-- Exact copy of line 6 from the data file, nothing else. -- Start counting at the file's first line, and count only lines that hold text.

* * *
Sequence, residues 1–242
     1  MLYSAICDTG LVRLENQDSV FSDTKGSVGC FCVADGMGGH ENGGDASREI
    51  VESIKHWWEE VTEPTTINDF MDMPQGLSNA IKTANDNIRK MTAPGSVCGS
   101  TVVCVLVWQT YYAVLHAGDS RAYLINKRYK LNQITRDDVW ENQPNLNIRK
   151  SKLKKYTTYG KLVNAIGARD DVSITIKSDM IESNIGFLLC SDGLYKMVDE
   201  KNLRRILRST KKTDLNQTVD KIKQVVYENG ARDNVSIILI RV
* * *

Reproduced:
   201  KNLRRILRST KKTDLNQTVD KIKQVVYENG ARDNVSIILI RV